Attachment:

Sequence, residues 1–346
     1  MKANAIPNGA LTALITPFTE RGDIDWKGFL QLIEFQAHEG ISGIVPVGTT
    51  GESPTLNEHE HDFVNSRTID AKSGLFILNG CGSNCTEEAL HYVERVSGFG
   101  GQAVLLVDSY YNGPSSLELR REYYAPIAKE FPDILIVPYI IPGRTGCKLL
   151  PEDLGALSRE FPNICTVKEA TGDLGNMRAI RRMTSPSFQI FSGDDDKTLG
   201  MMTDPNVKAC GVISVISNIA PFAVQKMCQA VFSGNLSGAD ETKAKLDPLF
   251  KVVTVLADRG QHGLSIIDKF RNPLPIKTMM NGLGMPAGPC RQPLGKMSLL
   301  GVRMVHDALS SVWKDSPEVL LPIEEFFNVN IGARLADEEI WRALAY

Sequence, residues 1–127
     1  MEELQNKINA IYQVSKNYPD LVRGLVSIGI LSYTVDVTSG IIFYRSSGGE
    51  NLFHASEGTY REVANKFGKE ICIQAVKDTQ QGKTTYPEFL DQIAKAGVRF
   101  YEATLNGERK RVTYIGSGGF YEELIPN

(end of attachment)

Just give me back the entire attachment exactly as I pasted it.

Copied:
Sequence, residues 1–346
     1  MKANAIPNGA LTALITPFTE RGDIDWKGFL QLIEFQAHEG ISGIVPVGTT
    51  GESPTLNEHE HDFVNSRTID AKSGLFILNG CGSNCTEEAL HYVERVSGFG
   101  GQAVLLVDSY YNGPSSLELR REYYAPIAKE FPDILIVPYI IPGRTGCKLL
   151  PEDLGALSRE FPNICTVKEA TGDLGNMRAI RRMTSPSFQI FSGDDDKTLG
   201  MMTDPNVKAC GVISVISNIA PFAVQKMCQA VFSGNLSGAD ETKAKLDPLF
   251  KVVTVLADRG QHGLSIIDKF RNPLPIKTMM NGLGMPAGPC RQPLGKMSLL
   301  GVRMVHDALS SVWKDSPEVL LPIEEFFNVN IGARLADEEI WRALAY

Sequence, residues 1–127
     1  MEELQNKINA IYQVSKNYPD LVRGLVSIGI LSYTVDVTSG IIFYRSSGGE
    51  NLFHASEGTY REVANKFGKE ICIQAVKDTQ QGKTTYPEFL DQIAKAGVRF
   101  YEATLNGERK RVTYIGSGGF YEELIPN